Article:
Chances are, whatever decision the Federal Reserve makes on interest rates at this week’s policy-setting meeting won’t be what matters most for the markets. The focus is instead likely to be on what Fed Chair Jerome Powell and the other officials signal that they’re thinking of doing next.
Expectations for the June meeting are solidly centered around the Fed keeping interest rates steady for the first time since it began the current cycle of monetary policy tightening in March 2022.
Just a few weeks ago, the most pressing question might have been how long a pause the Fed would take before it felt comfortable pivoting to lowering rates. Instead, there’s a growing sense that the June meeting might be a “skip” before another rate hike in July.
“We’re set up for a June meeting where there’s no rate move, but the debate is to see whether that event is a pause or a skip,” says Donald Rissmiller, chief economist at Strategas Research Partners. “Is this the start of a long period of a flat fed funds rate, or is this moving to an every-other-meeting type of trajectory where July is live for a rate cut?”
Going into the June meeting, the Fed has already raised interest rates at ten consecutive meetings as it has attempted to push inflation down from a four-decade high. That streak included an unprecedented four straight meetings at which the central bank lifted the funds rate by three-quarters of a point. Before this rate hike cycle, the funds rate was effectively zero, having been slashed as the Fed battled the COVID-19 recession.
Now, the bond market is priced for the Fed to hold the federal-funds rate at its current target of 5.00%-5.25%. According to the CME FedWatch tool, which reflects bets placed by traders on the direction of interest rates, there’s a 71% chance that the Fed will announce it is holding rates steady at the end of the two-day meeting Wednesday.
Expectations that the Fed will keep rates steady in June come against the backdrop of a still-hot jobs market, as well as inflation that, while down from its peak last year, is still well above the Fed’s 2% target.
But it’s widely expected that the Fed wants to at least slow the frequency of interest rate increases as it assesses the impact of its rate increases over the past 14 months.
“Traditional monetary policy works with a lag,” says Rissmiller, adding that the Fed has noted this dynamic in its policy statements and that officials, including Powell, have emphasized it in public comments.
“At the margin, it reinforces the idea of pausing or skipping—at least slowing down,” he says. “”Inflation looks like it has peaked, so you’re getting some of what you want. Do you need to be raising rates at every meeting?”
Expectations Swing on Fed Rate Cuts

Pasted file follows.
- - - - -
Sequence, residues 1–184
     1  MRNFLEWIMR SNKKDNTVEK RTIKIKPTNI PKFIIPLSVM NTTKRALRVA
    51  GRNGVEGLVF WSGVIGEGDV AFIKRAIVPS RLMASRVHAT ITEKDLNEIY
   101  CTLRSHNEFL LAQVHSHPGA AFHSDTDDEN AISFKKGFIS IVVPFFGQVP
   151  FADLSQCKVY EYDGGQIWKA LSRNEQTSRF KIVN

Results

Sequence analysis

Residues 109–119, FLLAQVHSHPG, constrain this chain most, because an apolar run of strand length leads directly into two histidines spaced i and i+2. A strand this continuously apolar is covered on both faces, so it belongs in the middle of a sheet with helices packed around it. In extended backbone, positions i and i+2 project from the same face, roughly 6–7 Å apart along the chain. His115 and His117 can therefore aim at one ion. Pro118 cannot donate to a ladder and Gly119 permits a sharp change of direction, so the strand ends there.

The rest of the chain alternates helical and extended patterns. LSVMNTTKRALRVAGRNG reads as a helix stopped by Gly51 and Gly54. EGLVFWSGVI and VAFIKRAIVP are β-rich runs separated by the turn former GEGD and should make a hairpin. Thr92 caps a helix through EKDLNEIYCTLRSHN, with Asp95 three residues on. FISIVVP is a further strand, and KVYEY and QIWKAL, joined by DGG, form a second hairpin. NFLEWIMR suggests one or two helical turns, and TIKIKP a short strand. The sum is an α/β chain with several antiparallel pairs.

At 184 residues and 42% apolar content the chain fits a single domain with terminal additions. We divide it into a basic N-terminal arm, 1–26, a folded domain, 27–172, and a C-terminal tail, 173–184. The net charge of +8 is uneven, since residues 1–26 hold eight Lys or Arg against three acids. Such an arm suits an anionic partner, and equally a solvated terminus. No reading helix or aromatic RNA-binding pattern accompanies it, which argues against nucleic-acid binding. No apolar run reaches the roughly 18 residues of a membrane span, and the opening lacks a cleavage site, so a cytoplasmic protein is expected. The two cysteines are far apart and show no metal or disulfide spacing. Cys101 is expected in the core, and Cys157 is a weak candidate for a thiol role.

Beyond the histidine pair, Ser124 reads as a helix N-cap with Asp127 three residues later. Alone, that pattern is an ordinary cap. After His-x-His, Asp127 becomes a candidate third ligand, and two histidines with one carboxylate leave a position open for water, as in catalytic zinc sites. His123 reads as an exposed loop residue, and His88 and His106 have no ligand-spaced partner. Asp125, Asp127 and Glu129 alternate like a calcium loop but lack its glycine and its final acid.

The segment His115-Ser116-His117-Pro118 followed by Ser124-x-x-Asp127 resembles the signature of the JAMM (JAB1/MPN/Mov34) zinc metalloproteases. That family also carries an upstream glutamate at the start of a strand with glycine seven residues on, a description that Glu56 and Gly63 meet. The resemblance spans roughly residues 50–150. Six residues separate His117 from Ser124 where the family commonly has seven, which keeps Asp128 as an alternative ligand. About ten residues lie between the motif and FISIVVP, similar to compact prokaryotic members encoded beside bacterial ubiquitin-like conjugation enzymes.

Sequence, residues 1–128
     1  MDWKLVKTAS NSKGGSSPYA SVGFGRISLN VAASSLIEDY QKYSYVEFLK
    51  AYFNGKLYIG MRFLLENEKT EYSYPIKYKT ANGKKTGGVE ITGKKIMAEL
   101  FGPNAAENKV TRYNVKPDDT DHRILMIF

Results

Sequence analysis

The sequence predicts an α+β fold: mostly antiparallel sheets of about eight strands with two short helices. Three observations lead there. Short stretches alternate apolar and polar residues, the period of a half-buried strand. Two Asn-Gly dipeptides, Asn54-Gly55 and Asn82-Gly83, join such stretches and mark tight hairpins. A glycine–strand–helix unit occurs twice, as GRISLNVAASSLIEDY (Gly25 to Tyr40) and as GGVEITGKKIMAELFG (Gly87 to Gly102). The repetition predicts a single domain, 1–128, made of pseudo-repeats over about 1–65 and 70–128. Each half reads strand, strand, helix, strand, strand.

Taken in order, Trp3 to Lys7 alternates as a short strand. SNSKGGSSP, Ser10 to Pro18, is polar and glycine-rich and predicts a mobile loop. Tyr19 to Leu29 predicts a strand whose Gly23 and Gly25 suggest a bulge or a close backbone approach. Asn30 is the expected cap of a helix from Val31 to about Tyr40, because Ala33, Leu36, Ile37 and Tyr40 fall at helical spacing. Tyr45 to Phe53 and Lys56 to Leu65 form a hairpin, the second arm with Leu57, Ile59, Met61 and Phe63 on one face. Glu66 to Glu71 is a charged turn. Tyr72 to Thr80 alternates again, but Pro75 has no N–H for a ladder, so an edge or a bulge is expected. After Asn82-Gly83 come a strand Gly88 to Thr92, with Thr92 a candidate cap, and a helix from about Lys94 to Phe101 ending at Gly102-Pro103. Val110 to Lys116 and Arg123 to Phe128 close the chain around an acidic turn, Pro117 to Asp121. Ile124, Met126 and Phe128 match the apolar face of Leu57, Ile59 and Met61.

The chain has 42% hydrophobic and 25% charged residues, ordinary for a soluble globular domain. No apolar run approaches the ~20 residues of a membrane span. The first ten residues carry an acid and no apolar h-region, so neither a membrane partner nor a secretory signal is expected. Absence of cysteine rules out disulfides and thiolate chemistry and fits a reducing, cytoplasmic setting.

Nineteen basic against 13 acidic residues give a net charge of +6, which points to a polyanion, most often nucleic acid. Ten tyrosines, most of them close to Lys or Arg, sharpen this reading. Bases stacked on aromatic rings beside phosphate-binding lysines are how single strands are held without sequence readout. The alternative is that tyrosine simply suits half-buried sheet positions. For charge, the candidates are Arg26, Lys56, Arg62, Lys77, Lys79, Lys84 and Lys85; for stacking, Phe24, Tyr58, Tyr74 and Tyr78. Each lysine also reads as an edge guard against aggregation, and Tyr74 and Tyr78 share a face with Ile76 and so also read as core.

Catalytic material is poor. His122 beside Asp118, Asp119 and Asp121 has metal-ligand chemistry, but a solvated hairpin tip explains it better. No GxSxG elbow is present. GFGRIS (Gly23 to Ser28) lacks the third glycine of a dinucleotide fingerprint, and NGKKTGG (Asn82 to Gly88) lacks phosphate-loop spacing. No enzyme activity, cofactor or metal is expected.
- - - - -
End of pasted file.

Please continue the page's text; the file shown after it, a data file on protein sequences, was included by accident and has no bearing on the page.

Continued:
Looking beyond the June meeting, however, opinions about where the Fed will go next have been changing dramatically.
In the wake of the May meeting, bond market prices began suggesting the Fed could lower rates as soon as the third quarter, with the potential for multiple rate cuts before the end of the year.
On May 9, the CME FedWatch tool pegged the odds of a quarter-point rate cut by year-end 2023 at roughly 34%. Even more dramatically, it set a 41% chance that the Fed would lower the funds rate by half a percent before 2024.
However, as the economy has remained buoyant and inflation high, expectations have been scaled back significantly around Fed easing this year. The market is giving a 25% chance of a quarter-point rate cut before the end of 2023. Those are roughly the same odds now assigned to the Fed raising rates again this year.
At Morningstar, senior U.S. economist Preston Caldwell is in the camp that believes the June meeting will see the Fed shift to holding rates at current levels until it cuts them at the end of 2023. “The Fed will pivot to monetary easing as inflation falls back to its 2% target and the need to shore up economic growth becomes a top concern,” he writes.
Caldwell predicts the Fed will cut rates by a quarter of a percentage point by the end of 2023, and take it below 2% by mid-2025.
Will the Fed Raise Rates in July?
Meanwhile, Kevin Nicholson, chief investment officer at RiverFront Investment Group, is among those expecting that the June meeting will prove to be a “skip” and that the next move is another rate increase in July.
“It’s my expectation that they will raise another 25 basis points in July, but I think that they want to pause because of the lagged effects of monetary policy,” Nicholson says.
Nicholson points to the strength of the jobs market and consumer spending as supporting the need for the Fed to notch interest rates a bit higher and then hold them steady through the end of the year. “If you don’t get inflation to really slow down meaningfully, if you don’t get labor (markets) to soften more, then you run the risk of having inflation start to take off again,” he says.
Ultimately, Nicholson says the U.S. economy should begin to slide into a shallow recession in 2024, with portions of the economy having already experienced slowdowns.
Strategas’ Rissmiller also sees the potential for another rate hike. He points to interest rate increases by central banks in Canada and Australia as being similar to the dynamic in the United States. “The general theme seems to be that central banks are aiming for restrictive policy, and they’re not there just yet, so there’s more effort to go,” he says.
“It seems to me the mistake is no longer the recession … I don’t think that’s the biggest fear at the Fed or other central banks,” says Rissmiller. “It seems like the biggest fear is losing the anchor on inflation expectations.”
As a result, Rissmiller says, “I would look for a skip in June and a communication that July is starting out as a likely hike unless the data changes. The perception is the job’s not done.”
The author or authors do not own shares in any securities mentioned in this article. Find out about Morningstar’s editorial policies.